WABI (Channel 5) previewed the University of Maine’s third annual Summer Camp Fair for Kids scheduled March 12 in the New Balance Student Recreation Center on campus. Representatives from more than 60 Maine summer camps are expected to be on hand to provide informational materials and answer questions about the programming available for children and teens. The event is free and open to the public.
The Weekly carried a report on the Penobscot Valley Senior College and the spring courses it is offering starting March 11. The college is affiliated with the University of Maine Center on Aging and the Maine Senior College Network. It offers noncredit courses and learning opportunities such as local history, painting and health care for people 50 years and older.
The Portland Press Herald advanced the 17th annual Portland Flower Show. The show will include an auction on Sunday, March 9 that will feature items donated by local garden centers, as well as plants and materials used in the show. Funds raised from the auction benefit the University of Maine Cooperative Extension demonstration garden in Falmouth and the Maine Harvest for Hunger Gardens program.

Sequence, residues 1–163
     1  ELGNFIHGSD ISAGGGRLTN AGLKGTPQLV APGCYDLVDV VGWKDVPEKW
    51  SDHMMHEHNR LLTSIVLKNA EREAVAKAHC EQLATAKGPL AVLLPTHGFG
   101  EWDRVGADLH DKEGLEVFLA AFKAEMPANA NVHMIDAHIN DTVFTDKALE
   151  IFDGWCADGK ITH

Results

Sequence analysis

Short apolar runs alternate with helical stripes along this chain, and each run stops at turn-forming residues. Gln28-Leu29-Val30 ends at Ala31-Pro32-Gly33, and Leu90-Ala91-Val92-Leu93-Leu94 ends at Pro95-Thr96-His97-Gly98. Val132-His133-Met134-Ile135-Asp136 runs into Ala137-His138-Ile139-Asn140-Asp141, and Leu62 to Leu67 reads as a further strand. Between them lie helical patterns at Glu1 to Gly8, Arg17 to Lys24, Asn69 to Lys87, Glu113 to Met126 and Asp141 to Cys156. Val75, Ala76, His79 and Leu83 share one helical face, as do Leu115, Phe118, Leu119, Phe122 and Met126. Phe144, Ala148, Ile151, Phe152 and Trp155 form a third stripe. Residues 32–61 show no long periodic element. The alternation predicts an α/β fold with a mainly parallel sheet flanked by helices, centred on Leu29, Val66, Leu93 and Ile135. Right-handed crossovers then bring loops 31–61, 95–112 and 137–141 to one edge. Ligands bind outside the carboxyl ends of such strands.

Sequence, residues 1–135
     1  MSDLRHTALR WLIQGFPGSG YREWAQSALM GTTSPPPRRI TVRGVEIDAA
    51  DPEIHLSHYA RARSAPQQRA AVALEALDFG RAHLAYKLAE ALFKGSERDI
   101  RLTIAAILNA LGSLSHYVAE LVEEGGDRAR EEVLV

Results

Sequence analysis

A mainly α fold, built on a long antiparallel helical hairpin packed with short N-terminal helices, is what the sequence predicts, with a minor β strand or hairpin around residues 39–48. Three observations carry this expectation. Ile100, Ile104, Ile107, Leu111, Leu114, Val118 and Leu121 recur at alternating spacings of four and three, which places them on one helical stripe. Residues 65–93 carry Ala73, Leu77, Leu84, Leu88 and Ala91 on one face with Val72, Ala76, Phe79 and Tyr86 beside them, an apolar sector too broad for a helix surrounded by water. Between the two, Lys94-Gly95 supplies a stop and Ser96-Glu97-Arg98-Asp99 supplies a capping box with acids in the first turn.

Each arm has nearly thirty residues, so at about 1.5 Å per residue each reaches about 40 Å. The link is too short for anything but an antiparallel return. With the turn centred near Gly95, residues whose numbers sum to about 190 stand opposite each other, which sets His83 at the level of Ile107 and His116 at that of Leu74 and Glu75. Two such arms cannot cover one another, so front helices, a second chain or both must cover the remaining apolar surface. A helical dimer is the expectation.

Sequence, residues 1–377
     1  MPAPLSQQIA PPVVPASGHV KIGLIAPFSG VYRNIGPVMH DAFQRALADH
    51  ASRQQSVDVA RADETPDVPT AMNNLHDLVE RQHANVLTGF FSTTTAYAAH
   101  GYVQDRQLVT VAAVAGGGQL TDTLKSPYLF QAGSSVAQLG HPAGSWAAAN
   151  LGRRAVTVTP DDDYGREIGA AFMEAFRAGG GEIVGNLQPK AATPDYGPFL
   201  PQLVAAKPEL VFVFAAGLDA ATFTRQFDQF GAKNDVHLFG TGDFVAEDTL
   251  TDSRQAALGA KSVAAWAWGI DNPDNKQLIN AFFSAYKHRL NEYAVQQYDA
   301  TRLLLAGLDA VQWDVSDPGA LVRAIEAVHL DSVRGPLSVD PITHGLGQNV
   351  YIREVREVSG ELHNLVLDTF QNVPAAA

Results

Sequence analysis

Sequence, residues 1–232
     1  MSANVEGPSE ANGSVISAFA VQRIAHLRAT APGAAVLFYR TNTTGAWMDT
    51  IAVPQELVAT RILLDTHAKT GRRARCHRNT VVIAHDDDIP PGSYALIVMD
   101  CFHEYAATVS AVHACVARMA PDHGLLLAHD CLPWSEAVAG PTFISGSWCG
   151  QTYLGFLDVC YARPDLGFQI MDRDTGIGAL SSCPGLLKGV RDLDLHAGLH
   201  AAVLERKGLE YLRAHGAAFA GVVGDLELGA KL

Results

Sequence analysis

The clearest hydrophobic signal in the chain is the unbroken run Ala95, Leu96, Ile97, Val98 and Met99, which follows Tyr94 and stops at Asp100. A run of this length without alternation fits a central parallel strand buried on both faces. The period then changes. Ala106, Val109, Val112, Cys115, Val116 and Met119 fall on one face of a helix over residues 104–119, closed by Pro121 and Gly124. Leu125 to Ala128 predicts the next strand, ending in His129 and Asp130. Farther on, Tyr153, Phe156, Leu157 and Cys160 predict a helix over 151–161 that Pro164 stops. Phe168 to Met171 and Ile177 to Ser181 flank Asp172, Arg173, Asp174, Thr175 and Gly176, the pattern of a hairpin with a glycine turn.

The Portland Press Herald published a book review of “Sturge: A Memoir.” The book focuses on the life of Sturgis (Sturge) Haskins, a pioneer for gay rights who co-founded the University of Maine’s Wilde-Stein Club in 1974.
The University of Maine’s on-campus housing policy was mentioned in a Bangor Daily News editorial on the need for the University of Maine System to offer more housing and decrease lightly used space. To accommodate a larger freshman class and to keep more sophomores on campus, recently UMaine announced it will give sophomores — as opposed to juniors and seniors — first pick at remaining dorm rooms after all freshmen are placed.
Five hundred middle school girls from across Maine are expected to participate in the 27th Expanding Your Horizons conference at the University of Maine on March 13.
The conference features workshops for students and teachers focused on introducing youth to careers in the science, technology, engineering and mathematics (STEM) fields. It is coordinated by the UMaine Women’s Resource Center and involves more than 100 volunteers, including university faculty, staff and upward of 40 UMaine students, as well as community professionals.